Today, I listened to a podcast provided by Underground Wellness where Sean Croxton interviewed Jen Wittman. You may have never heard of her before (I hadn’t) but I was looking for podcasts I could listen to while putting on my make-up. Instead of mindlessly inspecting my face for the increasing imperfections, I change my focus to learning. It’s like overhearing a very interesting conversation between a couple very intelligent people.
Underground Wellness has a lot of great podcasts that cover all kinds of health topics and it’s a channel I listen to with some regularity on my walks with Pearl. I chose Jen Wittman’s podcast because like me, she has Hashimotos Thyroiditis. I’ve been having some complications related to this autoimmune disorder and now think it’s time to take it more seriously. I must admit to becoming lax in taking my medication (Levothryroxine) but I honestly didn’t think it was any big deal. Sure, I always feel like crap but I’m used to that feeling and I’m not sure I felt much better when taking Levo with any regularity anyway.
And then suddenly last week happened. I had a problem swallowing my food. Nothing gets your attention faster than not being able to do what was once a mundane, everyday task, something your body is supposed to do without any reminders. Chicken, in particular, caused me great trouble; it really didn’t want to go down. Because I don’t eat meat all that often, it didn’t raise a huge red flag until I tried to eat chicken again at Urban Plates on Sunday. I had to chug glass after glass of water to get the few bites to head toward my stomach, and by then, I was alarmed and no longer having a nice dinner out with my daughter.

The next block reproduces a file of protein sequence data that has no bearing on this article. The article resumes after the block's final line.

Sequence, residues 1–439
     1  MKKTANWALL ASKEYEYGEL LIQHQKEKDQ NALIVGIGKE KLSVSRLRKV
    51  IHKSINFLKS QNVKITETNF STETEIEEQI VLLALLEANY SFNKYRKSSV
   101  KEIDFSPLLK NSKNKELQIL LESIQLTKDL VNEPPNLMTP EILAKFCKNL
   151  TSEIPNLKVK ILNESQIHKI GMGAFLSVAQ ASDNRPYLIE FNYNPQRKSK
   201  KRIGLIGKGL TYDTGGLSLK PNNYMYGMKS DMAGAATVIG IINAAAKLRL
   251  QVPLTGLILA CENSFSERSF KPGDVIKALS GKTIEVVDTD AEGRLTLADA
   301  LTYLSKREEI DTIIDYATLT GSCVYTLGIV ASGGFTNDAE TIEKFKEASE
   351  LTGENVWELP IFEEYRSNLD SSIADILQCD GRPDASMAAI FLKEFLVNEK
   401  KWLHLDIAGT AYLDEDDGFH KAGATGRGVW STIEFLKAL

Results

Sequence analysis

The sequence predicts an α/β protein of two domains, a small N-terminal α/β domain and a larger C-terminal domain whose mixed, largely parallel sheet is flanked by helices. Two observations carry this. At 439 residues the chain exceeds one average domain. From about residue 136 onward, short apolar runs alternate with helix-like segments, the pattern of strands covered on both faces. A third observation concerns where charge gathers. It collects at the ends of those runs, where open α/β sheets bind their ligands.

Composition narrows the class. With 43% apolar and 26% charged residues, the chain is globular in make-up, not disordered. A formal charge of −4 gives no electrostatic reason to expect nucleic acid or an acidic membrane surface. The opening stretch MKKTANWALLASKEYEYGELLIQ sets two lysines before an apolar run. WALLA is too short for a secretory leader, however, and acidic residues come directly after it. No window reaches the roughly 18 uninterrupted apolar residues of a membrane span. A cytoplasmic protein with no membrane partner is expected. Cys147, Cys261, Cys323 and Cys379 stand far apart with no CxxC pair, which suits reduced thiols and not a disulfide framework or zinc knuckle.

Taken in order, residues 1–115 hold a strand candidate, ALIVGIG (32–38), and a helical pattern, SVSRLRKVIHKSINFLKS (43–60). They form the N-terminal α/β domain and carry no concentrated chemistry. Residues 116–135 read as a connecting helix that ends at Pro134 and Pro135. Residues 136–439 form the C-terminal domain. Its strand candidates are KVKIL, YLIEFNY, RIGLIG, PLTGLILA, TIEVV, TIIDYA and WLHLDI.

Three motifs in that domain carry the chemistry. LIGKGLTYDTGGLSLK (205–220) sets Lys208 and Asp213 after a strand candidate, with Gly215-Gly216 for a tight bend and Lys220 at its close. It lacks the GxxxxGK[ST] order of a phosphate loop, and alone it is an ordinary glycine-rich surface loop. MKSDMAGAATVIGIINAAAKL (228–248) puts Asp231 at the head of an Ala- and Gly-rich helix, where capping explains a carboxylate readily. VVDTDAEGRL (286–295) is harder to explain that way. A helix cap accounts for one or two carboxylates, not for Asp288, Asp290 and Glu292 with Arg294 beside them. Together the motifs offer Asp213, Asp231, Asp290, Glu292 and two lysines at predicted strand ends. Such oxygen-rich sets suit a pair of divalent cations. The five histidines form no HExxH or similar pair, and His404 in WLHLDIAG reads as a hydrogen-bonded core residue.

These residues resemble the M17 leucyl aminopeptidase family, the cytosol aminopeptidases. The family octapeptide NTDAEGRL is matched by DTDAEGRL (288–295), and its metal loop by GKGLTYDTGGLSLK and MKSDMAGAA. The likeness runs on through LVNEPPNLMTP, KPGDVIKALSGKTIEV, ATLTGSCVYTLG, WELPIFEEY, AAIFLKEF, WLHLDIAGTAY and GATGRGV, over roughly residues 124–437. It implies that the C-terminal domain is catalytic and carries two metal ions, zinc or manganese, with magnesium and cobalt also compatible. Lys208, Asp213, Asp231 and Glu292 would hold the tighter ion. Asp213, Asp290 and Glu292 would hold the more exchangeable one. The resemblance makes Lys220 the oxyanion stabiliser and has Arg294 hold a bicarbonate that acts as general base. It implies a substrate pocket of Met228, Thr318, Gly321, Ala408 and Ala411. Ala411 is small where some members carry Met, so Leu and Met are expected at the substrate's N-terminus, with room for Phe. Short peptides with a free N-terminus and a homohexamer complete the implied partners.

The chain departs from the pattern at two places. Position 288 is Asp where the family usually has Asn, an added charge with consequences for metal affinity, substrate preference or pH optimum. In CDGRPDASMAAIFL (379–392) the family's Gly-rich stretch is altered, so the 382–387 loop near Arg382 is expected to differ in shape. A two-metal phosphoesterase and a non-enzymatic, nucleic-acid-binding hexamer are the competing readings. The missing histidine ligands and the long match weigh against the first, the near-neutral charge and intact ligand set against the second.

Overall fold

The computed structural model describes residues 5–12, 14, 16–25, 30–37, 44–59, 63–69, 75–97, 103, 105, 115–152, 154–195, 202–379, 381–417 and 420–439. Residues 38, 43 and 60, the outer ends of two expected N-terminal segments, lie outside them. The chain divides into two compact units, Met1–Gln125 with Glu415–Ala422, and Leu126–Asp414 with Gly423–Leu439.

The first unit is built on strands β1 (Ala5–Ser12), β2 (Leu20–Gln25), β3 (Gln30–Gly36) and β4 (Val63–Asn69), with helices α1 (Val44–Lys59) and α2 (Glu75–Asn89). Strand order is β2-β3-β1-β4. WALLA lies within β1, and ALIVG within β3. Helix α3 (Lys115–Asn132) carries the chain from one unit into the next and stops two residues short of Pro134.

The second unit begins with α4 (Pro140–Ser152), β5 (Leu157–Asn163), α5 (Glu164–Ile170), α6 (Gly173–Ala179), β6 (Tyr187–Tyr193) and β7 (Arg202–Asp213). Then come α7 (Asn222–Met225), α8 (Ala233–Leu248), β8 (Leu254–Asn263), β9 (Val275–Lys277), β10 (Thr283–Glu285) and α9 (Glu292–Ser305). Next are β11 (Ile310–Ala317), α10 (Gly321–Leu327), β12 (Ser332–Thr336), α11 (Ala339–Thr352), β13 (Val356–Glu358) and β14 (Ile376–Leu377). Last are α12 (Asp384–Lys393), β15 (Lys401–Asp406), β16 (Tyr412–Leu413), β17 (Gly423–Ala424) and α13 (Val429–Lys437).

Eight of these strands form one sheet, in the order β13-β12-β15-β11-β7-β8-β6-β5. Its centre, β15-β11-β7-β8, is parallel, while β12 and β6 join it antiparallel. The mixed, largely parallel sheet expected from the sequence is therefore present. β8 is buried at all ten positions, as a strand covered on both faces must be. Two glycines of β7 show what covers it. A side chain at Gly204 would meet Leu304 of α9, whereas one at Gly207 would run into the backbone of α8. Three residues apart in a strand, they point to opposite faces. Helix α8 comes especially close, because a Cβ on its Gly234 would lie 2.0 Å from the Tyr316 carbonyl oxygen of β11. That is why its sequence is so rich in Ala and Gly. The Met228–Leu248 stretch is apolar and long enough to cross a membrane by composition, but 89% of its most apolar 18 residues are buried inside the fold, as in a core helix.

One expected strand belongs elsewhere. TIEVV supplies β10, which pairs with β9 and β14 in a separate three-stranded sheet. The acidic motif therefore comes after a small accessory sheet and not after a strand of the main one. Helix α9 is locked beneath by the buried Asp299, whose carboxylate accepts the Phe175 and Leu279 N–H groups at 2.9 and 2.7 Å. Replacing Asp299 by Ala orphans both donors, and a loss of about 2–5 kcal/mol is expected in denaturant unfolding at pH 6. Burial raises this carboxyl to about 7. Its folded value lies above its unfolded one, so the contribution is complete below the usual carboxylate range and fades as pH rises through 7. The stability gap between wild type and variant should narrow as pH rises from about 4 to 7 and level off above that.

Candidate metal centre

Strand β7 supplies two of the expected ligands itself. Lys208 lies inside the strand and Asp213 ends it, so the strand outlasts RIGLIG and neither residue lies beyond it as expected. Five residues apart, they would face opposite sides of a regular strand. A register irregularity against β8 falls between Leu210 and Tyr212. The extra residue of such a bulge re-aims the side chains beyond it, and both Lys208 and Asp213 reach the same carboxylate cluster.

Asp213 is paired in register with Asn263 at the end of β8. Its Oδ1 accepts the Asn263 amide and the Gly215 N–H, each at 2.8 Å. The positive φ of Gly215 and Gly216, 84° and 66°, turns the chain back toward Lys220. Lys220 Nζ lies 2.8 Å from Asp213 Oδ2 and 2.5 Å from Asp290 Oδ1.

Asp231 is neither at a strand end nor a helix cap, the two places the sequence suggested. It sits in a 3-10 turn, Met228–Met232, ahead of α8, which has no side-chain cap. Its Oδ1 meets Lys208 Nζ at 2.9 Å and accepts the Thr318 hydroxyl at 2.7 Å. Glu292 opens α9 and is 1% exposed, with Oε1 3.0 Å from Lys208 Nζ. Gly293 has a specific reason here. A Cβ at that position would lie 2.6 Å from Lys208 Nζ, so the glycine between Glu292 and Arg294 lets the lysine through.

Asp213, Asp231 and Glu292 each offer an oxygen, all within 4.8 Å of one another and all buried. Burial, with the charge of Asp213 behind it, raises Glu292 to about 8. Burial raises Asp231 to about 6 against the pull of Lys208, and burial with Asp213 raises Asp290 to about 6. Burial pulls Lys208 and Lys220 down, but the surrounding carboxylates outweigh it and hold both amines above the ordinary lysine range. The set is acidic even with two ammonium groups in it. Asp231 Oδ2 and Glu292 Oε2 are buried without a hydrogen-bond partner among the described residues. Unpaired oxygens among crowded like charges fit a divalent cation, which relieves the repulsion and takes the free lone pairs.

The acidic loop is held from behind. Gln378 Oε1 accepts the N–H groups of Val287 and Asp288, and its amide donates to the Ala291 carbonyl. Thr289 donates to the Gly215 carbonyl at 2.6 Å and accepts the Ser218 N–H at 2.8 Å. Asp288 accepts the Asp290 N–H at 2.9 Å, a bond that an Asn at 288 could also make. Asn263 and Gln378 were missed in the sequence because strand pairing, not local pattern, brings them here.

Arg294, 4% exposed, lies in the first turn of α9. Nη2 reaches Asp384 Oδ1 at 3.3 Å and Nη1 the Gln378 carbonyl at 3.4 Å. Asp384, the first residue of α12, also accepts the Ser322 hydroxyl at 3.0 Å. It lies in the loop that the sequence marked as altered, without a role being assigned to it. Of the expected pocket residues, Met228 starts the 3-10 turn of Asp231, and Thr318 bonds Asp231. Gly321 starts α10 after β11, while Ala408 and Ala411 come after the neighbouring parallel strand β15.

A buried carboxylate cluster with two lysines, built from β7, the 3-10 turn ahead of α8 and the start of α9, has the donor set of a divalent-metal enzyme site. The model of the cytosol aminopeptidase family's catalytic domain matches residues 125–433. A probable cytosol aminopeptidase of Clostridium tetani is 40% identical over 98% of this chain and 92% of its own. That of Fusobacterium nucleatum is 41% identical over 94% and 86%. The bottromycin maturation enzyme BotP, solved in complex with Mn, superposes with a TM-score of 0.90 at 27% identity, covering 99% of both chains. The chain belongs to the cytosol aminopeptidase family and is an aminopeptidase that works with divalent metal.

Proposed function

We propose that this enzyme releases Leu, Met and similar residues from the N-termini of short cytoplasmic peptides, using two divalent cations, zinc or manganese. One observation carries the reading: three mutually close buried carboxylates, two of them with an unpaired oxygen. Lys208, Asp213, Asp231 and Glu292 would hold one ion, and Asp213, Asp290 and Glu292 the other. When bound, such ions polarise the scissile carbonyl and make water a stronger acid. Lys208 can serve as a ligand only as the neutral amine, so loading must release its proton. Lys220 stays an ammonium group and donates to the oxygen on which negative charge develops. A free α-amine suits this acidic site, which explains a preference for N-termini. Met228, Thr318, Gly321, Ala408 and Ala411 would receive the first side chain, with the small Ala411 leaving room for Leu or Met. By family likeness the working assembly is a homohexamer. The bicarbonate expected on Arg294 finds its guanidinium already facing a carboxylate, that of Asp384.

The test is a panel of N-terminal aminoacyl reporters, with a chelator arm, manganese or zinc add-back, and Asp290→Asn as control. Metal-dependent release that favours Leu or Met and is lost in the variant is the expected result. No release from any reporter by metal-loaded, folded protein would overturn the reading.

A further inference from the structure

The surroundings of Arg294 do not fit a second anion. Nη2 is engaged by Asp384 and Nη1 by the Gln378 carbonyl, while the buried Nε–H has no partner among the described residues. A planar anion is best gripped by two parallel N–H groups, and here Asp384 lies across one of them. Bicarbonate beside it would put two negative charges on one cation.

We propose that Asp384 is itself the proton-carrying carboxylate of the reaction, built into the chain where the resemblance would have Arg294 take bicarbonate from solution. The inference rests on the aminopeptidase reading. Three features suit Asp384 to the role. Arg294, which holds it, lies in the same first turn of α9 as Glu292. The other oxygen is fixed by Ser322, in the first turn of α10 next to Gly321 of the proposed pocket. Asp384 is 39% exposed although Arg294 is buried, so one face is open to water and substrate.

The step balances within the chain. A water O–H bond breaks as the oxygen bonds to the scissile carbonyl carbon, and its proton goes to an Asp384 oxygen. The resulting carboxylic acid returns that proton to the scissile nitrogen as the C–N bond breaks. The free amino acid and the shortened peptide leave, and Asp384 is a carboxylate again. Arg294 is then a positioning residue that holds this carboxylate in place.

After arriving back home and accessing Dr. Google, I realized swallowing problems are very common among people who are suffering with Hashimotos. For me, I believe it’s been brought on by too much stress. I have too many things going on and I haven’t been taking care of myself. That is about to change since my body has decided to communicate with me in the only way it knows how–by taking away some of my privileges. Yes, swallowing is a privilege. I’m slowly earning this freedom back.
First thing Monday morning, I scheduled a trip to my acupuncturist and this afternoon, I’m scheduled for a doctor’s visit. Believe it or not, I have no primary physician because I’m a big believer of using food as my medicine. But, food’s not exactly working all the way and I’m admitting to maybe needing an expert’s help.
I’ve also been attempting to get an appointment with an endocrinologist but having an incredibly difficult time reaching a particular doctor. She’s embraced technology so much that one cannot speak to a person in her office. I’m hoping that my regular GP will give her a call and get me in sooner. Fingers crossed.